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Book Cover Image: The Death Instinct by Jed RubenfeldTitle: The Death Instinct

Author: Jed Rubenfeld

Synopsis (Courtesy of Powell’s Books): “Under a clear blue September sky, America’s financial center in lower Manhattan became the site of the largest, deadliest terrorist attack in the nation’s history. It was September 16, 1920. Four hundred people were killed or injured. The country was appalled by the magnitude and savagery of the incomprehensible attack, which remains unsolved to this day.

The bomb that devastated Wall Street in 1920 explodes in the opening pages of The Death Instinct, Jed Rubenfeld’s provocative and mesmerizing new novel. War veteran Dr. Stratham Younger and his friend Captain James Littlemore of the New York Police Department are caught on Wall Street on the fateful day of the blast. With them is the beautiful Colette Rousseau, a French radiochemist whom Younger meets while fighting in the world war. A series of inexplicable attacks on Rousseau, a secret buried in her past, and a mysterious trail of evidence lead Young, Littlemore, and Rousseau on a thrilling international and psychological journey-from Paris to Prague, from the Vienna home of Dr. Sigmund Freud to the corridors of power in Washington, D.C., and ultimately to the hidden depths of our most savage instincts. As the seemingly disjointed pieces of what Younger and Littlemore learn come together, the two uncover the shocking truth behind the bombing.”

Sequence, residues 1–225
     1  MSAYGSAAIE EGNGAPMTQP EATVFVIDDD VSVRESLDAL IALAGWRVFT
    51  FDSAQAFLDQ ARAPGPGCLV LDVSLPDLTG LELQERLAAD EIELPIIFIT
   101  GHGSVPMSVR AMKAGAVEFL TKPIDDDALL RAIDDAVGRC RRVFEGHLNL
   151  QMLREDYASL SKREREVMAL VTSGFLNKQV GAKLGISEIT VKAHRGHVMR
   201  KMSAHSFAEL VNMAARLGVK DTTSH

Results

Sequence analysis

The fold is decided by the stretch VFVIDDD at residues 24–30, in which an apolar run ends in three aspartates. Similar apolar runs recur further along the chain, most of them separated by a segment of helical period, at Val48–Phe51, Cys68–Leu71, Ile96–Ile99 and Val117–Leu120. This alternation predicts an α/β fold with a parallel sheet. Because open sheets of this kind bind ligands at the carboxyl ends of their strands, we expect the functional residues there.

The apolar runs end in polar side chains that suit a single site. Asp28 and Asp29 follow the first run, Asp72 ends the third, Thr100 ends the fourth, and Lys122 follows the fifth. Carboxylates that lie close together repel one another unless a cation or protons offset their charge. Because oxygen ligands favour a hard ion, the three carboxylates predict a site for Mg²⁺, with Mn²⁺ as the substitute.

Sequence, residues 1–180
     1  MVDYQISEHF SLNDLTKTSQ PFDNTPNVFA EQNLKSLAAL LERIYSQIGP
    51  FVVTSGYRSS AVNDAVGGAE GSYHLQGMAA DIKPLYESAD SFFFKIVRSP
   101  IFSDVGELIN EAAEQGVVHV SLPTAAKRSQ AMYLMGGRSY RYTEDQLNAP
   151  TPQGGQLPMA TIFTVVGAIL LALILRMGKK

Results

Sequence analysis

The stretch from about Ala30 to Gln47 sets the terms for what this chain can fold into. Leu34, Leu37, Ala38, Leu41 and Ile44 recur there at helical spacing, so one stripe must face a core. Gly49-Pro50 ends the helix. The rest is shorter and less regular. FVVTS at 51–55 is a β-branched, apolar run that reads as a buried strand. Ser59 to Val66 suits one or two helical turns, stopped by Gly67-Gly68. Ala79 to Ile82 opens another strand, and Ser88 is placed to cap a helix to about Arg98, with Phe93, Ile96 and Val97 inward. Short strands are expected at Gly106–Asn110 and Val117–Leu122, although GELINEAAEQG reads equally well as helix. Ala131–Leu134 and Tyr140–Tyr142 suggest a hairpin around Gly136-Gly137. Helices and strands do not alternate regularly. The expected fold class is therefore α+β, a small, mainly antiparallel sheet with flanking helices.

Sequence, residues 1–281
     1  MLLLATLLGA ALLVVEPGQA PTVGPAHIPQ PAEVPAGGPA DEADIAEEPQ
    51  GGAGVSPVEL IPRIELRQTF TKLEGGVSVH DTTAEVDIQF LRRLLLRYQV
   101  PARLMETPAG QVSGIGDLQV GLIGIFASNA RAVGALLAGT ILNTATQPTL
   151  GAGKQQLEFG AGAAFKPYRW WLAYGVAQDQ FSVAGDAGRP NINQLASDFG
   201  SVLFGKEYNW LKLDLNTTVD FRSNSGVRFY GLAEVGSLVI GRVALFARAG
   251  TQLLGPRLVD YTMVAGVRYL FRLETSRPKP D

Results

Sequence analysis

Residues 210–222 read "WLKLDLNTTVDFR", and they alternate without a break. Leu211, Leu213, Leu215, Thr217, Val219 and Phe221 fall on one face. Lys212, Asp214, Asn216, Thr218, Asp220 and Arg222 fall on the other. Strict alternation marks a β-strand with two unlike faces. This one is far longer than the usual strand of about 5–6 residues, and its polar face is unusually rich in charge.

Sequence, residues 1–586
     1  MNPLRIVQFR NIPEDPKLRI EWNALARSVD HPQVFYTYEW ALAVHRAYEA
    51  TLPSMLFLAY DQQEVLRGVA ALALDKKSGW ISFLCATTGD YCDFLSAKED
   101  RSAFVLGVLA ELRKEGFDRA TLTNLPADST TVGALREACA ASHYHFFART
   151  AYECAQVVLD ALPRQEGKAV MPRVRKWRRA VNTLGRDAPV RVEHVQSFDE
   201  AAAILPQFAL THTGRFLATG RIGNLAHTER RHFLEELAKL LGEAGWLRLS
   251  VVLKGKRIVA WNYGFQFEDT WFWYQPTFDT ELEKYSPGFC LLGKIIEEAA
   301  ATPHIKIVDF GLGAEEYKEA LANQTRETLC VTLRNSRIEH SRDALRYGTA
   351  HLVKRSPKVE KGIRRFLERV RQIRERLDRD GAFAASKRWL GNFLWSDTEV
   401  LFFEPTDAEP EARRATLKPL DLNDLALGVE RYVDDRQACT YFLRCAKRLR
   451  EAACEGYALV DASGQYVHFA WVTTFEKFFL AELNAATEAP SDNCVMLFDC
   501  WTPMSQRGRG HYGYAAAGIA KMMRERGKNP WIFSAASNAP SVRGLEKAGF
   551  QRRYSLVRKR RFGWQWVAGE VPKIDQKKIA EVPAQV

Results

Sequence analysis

Thoughts: The Death Instinct is really a tale of two stories. One is the historical backdrop, the real historical figures and events that feature prominently into the action. The other is the fictional aspect of the story. Unfortunately, this dichotomy does not blend well at all. A reader can discern the factual versus the fictional pieces quite easily. This is due in large part because the factual portion is easier to read and flows quite naturally, whereas the fiction portions labor to be quirky, suspenseful and interesting but in reality bog down the overall story.

The characters themselves are one-dimensional and cliched. There is no substance or emotion behind any of the characters’ actions, and the reader is left to question each character’s motivating factors. While Mr. Rubenfeld tried to place his characters into historical events, the connections he draws between the fictional and real people are tenuous at best, requiring too much of a stretch of a reader’s imagination to be truly plausible. In addition, the dialogue leaves something to be desired. It reads like a transcript of a stereotypical 1920s gangster film. This forcing together of all of the various elements creates a novel that is disjointed and clunky.

The Death Instinct truly shines when it focuses on the history of the New York bombing. Mr. Rubenfeld’s research is apparent in his meticulous attention to detail, from the sounds on the streets to the headgear worn by the police. Life in the early 1920s leaps off the page in a way that is simply entrancing. Compared to his care and attention to history, his fictional characters are flat and insipid. The reader becomes easily distracted and finds it difficult to maintain interest in the story. The Death Instinct is enjoyable but not a novel that will ever be called a “page-turner,” which is unfortunate because it is a topic that has such great potential.

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